Relocating the disenfranchised proletariat: The worker is absolutely dispossessed from the product of his labor. It is our job as software developers to think deeply about a thing, but then disembody that thought-structure from ourselves, and capture it in itself in a self-sustaining way. This sounds critical, but that exercise is really the appeal of programming, and why I love it. The reality is that the disembodiment of thinking into a spectacular autonomous image-object is exactly the notion that Debord is critiquing. It also leaves us all vulnerable to modes of disconnection and subjugation. The reduction of intellectual labor into a commodity (what's your hourly rate?), leaves us, the workers, deprived of our intellectual capital, and exchangeably anonymized. Writing in first-person doesn't prevent this completely, but in as much as grammar offers a defense against the anonymity of representation, it is the word "I".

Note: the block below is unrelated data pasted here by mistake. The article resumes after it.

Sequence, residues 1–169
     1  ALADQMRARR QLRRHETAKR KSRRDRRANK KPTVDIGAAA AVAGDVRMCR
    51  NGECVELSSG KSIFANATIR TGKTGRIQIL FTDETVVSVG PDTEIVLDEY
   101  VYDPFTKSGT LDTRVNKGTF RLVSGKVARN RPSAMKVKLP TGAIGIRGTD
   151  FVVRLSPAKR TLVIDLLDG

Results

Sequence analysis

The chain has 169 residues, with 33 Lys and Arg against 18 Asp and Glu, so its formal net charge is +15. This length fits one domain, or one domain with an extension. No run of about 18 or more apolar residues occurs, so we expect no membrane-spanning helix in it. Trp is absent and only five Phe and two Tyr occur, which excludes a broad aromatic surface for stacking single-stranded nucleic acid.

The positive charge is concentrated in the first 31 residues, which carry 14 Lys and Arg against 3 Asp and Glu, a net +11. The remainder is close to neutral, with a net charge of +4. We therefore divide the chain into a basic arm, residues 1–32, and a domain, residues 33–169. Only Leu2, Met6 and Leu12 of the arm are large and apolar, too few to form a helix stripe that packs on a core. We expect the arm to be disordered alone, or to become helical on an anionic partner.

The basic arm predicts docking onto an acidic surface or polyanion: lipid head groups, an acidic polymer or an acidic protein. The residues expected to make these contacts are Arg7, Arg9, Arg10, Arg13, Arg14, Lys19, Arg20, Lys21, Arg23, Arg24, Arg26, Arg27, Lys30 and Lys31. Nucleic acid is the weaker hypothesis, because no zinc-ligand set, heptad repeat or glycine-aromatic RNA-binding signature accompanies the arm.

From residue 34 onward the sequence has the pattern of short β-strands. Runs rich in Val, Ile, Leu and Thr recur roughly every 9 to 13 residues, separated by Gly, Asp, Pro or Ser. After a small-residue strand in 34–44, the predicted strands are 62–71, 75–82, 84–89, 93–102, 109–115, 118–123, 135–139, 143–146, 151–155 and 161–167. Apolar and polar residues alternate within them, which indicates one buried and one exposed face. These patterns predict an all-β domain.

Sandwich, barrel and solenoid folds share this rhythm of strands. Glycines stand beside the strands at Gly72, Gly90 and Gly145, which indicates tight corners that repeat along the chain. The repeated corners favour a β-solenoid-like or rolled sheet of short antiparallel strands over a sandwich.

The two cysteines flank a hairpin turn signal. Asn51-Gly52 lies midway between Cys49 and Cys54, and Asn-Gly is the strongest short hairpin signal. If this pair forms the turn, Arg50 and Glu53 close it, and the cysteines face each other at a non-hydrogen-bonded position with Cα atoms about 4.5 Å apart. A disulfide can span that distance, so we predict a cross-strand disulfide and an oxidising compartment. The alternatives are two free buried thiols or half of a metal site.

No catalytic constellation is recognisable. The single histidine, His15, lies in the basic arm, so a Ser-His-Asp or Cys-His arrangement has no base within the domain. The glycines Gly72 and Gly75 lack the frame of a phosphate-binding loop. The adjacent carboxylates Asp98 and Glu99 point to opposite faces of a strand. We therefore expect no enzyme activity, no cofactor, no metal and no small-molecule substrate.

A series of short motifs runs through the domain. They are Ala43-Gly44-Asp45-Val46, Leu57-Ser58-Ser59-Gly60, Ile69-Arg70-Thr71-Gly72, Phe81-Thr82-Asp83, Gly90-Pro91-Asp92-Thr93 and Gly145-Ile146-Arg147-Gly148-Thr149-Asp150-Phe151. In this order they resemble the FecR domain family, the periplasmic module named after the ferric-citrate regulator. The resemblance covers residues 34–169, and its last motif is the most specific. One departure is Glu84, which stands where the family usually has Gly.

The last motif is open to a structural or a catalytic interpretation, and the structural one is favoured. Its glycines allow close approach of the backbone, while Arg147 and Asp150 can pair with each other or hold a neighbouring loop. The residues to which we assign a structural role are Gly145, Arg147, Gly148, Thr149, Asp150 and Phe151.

Ambiguity of Perspective: Something really interesting happens when reading and writing first-person code: an ambiguity beings to emerge between the different speaking characters. There is "I" the code writer, which is absolutely the intention. But in a slightly poetic way, the code begins to speak out to the world in the first person. Self documenting code is all the rage.
The important consequence of first-person code is that it orbits the module "I". In many ways, "I" is both the voice of the code writer and the structural core of the code. If you have thoughts on what "I" might be, I'd love to hear it. "I-ness" is certainly a profound epistemological focal point, and something so far missing for code-syntax. Maybe it needs to stand for something larger than a module, however high-order that module is? The obvious conclusion to this is some sort of first-person oriented language, though for now I am interested mostly in exploring first person in existing languages. Give it a try: oscillate between Zen buddhism and confusing disfunction with me.